There are dozens, if not hundreds, different devices for hand-brew in the market nowadays. All of them, mostly, can be divided into two big categories: drip, or percolation, and immersion. The main difference between these two is clear from their names. Drip methods imply water going through the ground coffee for some period of time, extracting soluble and insoluble particles on its way. And immersion means ground coffee is immersed with water for some time, and extraction is going on due to a simple diffusion of soluble and insoluble particles into the water. Both of these methods can do with any coffee, better or worse, with some adjustments of the initial brewing technique. Both have benefits and disadvantages.
And here comes the Hario Switch. Technically, it’s the well-known V-60 brewer from Hario, but with the valve. And the valve is the game changer. Because now you can combine the best from both drip and immersion. Here we provide only one of many ways of how to improve your brew using the Hario Switch.
Actually, you can use the Basic V60 recipe from here as a default, or use the version below with 3 pours in total, and the first pour you make with the valve closed. And later on, for the rest of the brew, you just open the valve and proceed as a usual V60 brew. The difference is huge. The first pour with the valve closed increases the efficiency of the extraction, as water has more time for the initial soaking of all the coffee particles. Moreover, it helps you to avoid channelling, which also goes for more consistent and controllable results with higher overall extraction.
So, here’s the full recipe.you will need:
- coffee :) - 15 grams
- Water - 250 grams + some extra to rinse the paper filter
- Hario Switch
- paper filter
- gooseneck kettle
- brewing vessel
Step 1: measure 15 grams of coffee
Step 2: grind your coffee medium-coarse - the majority of particles should look like sugar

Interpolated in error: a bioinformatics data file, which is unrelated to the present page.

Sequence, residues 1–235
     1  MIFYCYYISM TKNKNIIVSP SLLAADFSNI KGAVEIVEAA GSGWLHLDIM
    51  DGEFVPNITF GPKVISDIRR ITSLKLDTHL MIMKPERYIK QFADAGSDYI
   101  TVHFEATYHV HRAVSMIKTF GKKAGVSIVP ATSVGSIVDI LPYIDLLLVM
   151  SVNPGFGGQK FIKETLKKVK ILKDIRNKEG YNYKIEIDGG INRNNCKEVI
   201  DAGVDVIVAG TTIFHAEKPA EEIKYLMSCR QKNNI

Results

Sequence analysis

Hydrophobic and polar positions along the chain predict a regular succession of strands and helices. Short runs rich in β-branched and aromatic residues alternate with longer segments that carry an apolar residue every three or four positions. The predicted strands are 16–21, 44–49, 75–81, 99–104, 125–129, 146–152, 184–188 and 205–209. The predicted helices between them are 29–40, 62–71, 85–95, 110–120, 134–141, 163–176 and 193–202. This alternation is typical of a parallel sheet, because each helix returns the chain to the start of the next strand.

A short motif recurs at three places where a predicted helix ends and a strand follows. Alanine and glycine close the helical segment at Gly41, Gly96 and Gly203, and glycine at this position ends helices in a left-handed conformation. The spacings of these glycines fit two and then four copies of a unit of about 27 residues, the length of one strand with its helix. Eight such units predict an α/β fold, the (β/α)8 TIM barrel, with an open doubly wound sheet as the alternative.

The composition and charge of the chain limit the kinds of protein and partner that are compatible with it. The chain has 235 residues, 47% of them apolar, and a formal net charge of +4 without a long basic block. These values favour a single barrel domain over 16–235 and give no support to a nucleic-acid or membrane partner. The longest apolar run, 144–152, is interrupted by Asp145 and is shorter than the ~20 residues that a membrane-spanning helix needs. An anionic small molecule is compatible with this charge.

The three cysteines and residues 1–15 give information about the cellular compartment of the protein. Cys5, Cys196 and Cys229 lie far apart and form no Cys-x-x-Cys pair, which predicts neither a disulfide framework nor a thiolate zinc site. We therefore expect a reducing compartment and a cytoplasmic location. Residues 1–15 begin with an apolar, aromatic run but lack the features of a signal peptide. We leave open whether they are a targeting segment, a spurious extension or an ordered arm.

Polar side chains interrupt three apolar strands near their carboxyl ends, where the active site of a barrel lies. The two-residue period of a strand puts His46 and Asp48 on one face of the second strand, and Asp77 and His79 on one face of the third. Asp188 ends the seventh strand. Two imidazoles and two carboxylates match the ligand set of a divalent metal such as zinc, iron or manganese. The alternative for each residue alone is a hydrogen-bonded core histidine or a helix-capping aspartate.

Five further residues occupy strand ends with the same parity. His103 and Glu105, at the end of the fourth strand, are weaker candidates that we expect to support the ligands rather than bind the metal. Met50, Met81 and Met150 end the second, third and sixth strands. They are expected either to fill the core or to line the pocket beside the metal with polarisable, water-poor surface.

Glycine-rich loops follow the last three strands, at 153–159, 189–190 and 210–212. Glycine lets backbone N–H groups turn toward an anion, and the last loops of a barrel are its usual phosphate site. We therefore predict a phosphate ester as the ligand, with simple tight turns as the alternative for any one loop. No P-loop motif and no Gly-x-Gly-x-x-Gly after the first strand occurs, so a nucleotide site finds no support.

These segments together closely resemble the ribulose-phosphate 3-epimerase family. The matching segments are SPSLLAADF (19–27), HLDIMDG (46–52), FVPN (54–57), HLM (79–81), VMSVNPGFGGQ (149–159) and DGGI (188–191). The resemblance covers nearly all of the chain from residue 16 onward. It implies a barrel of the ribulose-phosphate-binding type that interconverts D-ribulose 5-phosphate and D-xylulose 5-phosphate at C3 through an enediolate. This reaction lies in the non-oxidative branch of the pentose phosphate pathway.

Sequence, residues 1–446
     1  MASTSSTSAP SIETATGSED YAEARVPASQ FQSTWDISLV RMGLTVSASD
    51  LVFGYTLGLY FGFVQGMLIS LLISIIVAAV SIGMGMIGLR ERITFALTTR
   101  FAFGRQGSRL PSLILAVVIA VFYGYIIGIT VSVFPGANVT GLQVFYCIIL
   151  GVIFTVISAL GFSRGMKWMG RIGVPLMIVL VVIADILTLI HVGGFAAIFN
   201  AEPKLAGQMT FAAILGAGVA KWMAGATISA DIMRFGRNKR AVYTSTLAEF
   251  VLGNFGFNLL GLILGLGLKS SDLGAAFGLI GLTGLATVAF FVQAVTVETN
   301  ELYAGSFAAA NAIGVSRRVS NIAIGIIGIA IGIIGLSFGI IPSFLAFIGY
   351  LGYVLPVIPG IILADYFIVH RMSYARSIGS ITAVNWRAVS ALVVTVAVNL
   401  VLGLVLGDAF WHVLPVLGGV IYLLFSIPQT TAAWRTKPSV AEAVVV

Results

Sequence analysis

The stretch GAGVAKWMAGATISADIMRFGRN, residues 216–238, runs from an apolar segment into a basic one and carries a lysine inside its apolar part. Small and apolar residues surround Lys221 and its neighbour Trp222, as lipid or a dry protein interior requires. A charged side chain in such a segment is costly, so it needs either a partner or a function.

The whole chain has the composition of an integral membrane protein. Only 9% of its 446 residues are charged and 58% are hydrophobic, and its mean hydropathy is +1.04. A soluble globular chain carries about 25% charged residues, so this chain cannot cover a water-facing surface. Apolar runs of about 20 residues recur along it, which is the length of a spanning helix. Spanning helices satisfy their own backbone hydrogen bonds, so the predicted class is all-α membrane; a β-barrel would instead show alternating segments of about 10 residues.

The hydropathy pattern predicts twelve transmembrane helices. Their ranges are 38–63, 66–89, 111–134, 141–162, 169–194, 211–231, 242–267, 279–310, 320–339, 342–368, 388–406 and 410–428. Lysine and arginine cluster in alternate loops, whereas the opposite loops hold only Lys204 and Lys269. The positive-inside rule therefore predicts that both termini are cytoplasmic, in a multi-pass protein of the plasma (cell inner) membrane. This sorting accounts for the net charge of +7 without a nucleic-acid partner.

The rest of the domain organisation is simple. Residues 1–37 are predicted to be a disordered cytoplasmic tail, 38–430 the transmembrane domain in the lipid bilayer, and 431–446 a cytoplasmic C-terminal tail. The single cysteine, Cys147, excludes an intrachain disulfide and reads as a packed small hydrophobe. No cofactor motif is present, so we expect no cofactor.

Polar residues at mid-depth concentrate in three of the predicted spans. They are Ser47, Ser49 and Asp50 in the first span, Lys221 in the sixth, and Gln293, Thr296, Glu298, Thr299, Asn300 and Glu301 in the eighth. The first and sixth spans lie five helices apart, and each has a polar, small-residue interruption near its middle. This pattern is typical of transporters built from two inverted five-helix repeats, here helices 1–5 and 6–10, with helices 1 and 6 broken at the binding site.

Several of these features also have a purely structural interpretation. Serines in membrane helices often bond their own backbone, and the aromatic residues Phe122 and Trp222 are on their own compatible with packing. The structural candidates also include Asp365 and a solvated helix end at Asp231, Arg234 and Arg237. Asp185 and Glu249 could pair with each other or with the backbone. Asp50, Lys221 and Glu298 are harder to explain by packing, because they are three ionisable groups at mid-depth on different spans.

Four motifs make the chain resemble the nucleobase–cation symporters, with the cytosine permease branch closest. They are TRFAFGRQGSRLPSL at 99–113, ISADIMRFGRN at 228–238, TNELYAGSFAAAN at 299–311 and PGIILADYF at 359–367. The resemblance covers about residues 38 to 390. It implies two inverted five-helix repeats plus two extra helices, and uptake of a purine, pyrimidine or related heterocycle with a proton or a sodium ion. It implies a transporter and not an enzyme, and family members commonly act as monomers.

Step 3: heat the water up to 92C
Step 4: rinse* the paper filter.
Rinsing the paper filter helps to warm up the brewer and serving vessel and also to get rid of the smallest paper particles which deliver the paper taste in the cup. There are many discussions among professionals whether rinsing is really necessary ;) We’d say it’s up to you while using white paper filters but for the brown paper we definitely recommend rinsing well.
Step 5: put the ground coffee into the Hario Switch and get ready to brew! We'll divide the total amount of water into 3 pours (70ml + 80ml +100ml)
Step 6: keep the Switch valve closed; start the timer and slowly pour 70ml of water. The main goal is to cover evenly all the particles. To make the pour stable, controllable and repeatable - you can follow the spiral way of pouring either from centre to the walls or vice versa. Then let the coffee slurry steep until it’s 0:35 on the timer.
Step 7: at 0:35 open the valve, let the water start pouring to the vessel. At 0:40 start the second pour - 80ml. Go slowly in order to evenly cover all the particles, try to make the pouring time 15 seconds for 80ml. Make a pause, let coffee drain for 10 seconds.
Step 8: at 1:10 start the third pour - 100ml. Proceed the same as the previous pour.
Step 9: Let the coffee drain fully. Aim for the total time* between 2 to 3:30 minutes (depending on the coffee). If time is under or over this range - adjust your grind size for the next brew.
*total time is fixed when the water drains from the top of the coffee slurry
Step 10: Let the coffee cool down a little bit and enjoy!Our tasting buds feel difficulty identifying the wide range of flavors while the coffee is hot - we can easily taste just bitterness. Let the coffee cool down to ~60C to get the full sensory experience!